Apply Now: Elizabeth Henry Scholarship for Communities and Environmental Health


The Fraser Basin Council is now accepting applications for their Elizabeth Henry Scholarship:

Apply now for a $2,000 scholarship for research on communities and environmental health!

Applications for the inaugural Elizabeth Henry Scholarship are being accepted now through May 10, 2016. The scholarship supports graduate students working on BC-based research projects that are addressing environmental health issues and promoting environmental sustainability through cooperative community initiatives. The Elizabeth Henry Scholarship was initiated by the Fraser Basin Council directors and staff in memory of our dear friend and colleague and as a legacy to her life and values.

The Elizabeth Henry Scholarship provides an annual award of $2,000 for eligible research projects. The Scholarship is funded by the Fraser Basin Council, British Columbia Clean Air Research (BC CLEAR) Fund and by many friends, family members and colleagues who wish to remember Elizabeth and her work. If you wish to contribute to the Elizabeth Henry Scholarship Fund, you can do so through the Vancouver Foundation website.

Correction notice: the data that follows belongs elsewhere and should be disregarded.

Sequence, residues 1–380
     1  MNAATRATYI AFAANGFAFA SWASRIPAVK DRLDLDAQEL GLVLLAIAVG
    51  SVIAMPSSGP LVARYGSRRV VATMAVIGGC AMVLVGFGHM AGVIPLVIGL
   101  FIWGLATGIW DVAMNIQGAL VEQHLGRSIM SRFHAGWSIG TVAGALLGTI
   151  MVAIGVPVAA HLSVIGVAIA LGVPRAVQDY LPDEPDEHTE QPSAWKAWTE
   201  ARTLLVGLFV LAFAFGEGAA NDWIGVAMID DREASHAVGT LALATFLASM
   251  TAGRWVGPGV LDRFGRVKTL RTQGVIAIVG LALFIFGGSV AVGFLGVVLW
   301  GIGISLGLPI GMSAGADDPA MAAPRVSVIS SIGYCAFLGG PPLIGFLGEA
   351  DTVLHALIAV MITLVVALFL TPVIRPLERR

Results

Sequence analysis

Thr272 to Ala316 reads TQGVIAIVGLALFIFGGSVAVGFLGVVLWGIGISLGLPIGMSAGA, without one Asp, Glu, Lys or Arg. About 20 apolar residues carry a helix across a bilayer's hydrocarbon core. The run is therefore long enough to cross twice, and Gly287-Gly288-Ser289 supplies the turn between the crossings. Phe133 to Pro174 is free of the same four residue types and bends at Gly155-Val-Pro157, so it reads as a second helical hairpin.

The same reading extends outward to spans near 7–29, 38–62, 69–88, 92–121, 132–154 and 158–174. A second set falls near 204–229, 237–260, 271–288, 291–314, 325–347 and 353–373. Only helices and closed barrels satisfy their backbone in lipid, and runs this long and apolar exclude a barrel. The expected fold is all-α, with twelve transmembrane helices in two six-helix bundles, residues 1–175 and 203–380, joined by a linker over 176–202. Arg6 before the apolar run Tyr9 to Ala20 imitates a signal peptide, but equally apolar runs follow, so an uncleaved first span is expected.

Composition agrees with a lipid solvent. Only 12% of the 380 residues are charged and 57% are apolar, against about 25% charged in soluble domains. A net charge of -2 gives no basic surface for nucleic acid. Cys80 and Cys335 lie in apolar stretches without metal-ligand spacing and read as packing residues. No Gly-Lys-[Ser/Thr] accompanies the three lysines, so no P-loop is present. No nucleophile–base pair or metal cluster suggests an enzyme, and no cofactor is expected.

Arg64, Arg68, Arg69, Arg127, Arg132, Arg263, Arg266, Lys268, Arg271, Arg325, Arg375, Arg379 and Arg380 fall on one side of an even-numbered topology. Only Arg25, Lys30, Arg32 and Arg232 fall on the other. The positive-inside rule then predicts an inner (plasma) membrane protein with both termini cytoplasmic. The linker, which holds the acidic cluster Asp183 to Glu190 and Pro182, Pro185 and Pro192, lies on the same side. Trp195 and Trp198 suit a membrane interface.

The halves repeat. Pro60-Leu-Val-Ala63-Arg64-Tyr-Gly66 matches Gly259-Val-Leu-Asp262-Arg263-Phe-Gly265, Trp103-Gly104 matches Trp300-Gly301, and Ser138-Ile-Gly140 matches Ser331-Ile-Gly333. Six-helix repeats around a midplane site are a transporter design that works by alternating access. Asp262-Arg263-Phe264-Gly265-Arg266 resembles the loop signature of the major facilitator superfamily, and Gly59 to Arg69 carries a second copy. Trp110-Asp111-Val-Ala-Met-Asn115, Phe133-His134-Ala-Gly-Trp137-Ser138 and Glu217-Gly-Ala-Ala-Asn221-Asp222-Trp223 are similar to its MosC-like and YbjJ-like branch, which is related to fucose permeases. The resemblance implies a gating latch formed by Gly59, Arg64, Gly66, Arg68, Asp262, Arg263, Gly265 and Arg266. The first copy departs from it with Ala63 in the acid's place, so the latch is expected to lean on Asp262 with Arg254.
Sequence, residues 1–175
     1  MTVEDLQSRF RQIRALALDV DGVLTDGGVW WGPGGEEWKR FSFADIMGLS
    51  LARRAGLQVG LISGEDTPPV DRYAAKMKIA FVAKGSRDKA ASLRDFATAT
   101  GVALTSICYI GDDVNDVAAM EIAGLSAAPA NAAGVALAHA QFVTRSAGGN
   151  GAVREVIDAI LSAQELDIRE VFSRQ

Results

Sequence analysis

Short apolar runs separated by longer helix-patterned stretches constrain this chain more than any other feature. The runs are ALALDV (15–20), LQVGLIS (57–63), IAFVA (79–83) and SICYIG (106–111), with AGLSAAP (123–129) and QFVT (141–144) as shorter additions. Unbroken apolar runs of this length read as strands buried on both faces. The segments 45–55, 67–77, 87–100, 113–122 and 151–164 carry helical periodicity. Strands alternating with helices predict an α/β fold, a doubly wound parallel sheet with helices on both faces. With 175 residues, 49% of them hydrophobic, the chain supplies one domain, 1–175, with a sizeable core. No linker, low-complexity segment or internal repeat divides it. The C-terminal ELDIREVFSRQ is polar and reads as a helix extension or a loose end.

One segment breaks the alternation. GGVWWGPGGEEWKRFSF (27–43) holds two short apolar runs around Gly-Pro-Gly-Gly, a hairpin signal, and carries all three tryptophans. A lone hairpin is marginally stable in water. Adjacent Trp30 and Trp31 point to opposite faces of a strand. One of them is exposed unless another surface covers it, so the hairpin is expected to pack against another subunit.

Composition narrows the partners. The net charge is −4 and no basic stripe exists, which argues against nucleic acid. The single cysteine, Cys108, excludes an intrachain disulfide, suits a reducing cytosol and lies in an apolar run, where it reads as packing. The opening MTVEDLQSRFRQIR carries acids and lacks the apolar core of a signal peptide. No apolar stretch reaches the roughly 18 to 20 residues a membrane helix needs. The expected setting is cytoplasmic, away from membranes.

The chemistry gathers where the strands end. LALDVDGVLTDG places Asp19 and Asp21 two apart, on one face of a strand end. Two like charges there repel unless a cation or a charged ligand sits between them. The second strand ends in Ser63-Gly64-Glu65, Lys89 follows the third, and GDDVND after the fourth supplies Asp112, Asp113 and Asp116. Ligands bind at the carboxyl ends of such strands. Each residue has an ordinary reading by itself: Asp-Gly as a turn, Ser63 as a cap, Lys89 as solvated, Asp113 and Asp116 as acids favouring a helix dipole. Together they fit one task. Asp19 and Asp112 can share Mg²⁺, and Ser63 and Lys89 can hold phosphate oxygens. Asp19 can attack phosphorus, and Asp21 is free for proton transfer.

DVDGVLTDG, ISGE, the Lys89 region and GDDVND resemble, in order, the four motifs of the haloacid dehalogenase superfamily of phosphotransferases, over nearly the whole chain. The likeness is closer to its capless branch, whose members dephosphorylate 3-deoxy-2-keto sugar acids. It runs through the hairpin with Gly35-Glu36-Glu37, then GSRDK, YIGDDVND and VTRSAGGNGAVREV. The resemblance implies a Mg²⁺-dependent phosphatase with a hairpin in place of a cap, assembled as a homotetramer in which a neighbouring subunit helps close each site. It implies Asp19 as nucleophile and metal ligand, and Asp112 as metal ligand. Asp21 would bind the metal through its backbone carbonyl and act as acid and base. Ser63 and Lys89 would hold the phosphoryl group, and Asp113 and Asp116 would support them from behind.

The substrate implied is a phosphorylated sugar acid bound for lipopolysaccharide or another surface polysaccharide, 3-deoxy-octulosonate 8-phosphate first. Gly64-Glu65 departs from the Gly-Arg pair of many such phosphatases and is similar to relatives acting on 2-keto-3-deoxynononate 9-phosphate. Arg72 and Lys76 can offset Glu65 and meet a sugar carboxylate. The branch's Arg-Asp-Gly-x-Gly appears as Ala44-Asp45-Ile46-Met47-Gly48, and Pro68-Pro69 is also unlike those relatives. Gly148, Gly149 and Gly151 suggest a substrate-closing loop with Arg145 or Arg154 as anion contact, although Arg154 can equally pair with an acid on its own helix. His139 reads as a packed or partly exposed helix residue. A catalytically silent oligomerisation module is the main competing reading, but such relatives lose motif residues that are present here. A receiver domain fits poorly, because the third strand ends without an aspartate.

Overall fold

Click here for more information and to apply.

About Elizabeth Henry

Elizabeth touched many lives with her warm and generous nature. Her passion for making positive change in the world, and compassion for the people around her, were reflected in both her personal life and in her work. As Program Coordinator of Climate Change and Air Quality at the Fraser Basin Council, she was pivotal to the success of many climate change action and adaptations initiatives.

Elizabeth had a great commitment to education and a particular interest in developing relationships with indigenous communities through the process of decolonization, which was a major focus of her Master’s degree. She held a B.Sc. in Ecology from the University of Guelph and an M.A. in Adult Education from the University of British Columbia.